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ANTWERP, Belgium — Antwerp is prepping for a major fashion moment, and a big alumni reunion.
The fashion department of the Antwerp Royal Academy of Fine Arts is celebrating its 50th year with an exhibition at the MoMu, the city’s fashion museum. Concurrently, there is an outdoor art project where 12 outfits by Belgian fashion designers such as Ann Demeulemeester, Dries Van Noten, Dirk Bikkembergs, Martin Margiela, Peter Pilotto and Christian Wijnants are displayed in large-format photographs. The towering images were placed at different locations around the city.
This story first appeared in the September 5, 2013 issue of WWD. Subscribe Today.
These constitute parts of the citywide “Happy Birthday Dear Academie” celebration of the 350th anniversary of the Antwerp academy.
Festivities include a reunion and a ball on Saturday. “There will be so many faces I have not seen for a long time,” said Walter Van Beirendonck, head of the fashion department and curator of the MoMu exhibit.
The showcase, which opens to the public on Sunday and runs through Feb. 16, brings together about 80 original silhouettes, as well as sketches and accessories from the students in the graduate program.
“I was there as a student,” Van Beirendonck recalled in an interview. “I came back as a teacher only two years after graduating. I overviewed almost 30 years, so it was easier [to curate the exhibit] as I remembered many things.”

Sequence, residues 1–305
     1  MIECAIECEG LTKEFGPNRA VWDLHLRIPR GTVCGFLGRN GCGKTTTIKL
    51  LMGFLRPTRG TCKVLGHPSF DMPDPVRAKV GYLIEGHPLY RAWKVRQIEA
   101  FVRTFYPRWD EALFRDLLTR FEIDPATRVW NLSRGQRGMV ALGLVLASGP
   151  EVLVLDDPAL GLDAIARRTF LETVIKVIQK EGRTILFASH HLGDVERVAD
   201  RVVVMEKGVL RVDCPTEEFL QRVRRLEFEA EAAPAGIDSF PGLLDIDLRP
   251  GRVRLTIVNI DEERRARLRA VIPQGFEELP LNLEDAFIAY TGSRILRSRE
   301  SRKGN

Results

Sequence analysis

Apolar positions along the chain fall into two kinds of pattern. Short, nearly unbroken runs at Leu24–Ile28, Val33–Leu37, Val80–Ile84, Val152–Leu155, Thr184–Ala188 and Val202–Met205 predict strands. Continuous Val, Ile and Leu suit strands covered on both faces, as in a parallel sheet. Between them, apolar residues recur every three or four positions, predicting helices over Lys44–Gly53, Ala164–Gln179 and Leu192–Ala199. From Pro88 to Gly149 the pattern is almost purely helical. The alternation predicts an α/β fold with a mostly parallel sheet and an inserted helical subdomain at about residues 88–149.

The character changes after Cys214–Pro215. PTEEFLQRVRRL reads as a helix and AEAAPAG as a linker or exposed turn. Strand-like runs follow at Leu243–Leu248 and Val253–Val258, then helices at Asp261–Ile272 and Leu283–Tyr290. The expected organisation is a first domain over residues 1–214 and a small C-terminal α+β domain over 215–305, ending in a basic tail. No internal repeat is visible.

The exhibition starts with a time line in the stairwell. One video clip depicts a shoot in which second-year students were assigned to design historic costumes. They include the 1980-82 class’ famous Antwerp Six — Demeulemeester, Van Noten, Bikkembergs, Marina Yee, Van Beirendonck and Dirk Van Saene — plus Margiela donning the costumes they had made.
“It was a very dynamic moment, we were ambitious, we really wanted to become fashion designers,” said Van Beirendonck. “We were enormously stimulated by seeing everything that happened in fashion at that time. When we started studying, the whole thing happened in Italy with Versace and Armani starting up; the year after, with Thierry Mugler and Claude Montana who started in Paris; then the year after, in Japan with Comme des Garçons and Yohji Yamamoto. These were all statements from individual designers. That was so inspiring; that gave us a boost to go for it. We were very young, very ambitious, a little bit impatient; that created a nice energy in the group and also a synergy.”
The exhibition is organized thematically, mixing different generations, including youngsters Cédric Jacquemyn and Minju Kim, H&M Design Award winner this year.
“We selected 120 silhouettes, and only 80 could be used for the show. Some outfits of them were lost, some were broken.…It was a big search to get all these pieces together,” Van Beirendonck said.
Graduation projects of students are gathered under the heading Arcadia, referring to nature. Van Beirendonck’s 1980 effort was inspired by insects and includes a hand-knit sweater in wool with a butterfly motif.
A subsequent room displays silhouettes from various designers’ labels, including ones by Kris Van Assche and white knits from Wijnants, now a knitwear professor at the department.
One wall is covered with drawings and sketches including three original pieces from Margiela that are quite classic. “He was not born deconstructed,” said Van Beirendonck. “We were coming to school in Antwerp, raised in a traditional way. Martin was a very good drawer. He had a sense of elegance, which he has always had. He became more conceptual, because of how he wanted his house to be.”
The tour culminates in a room dedicated to silhouettes of the Antwerp Six and Margiela, with a soundtrack from such artists as Patti Smith, Donna Summer and the Sex Pistols.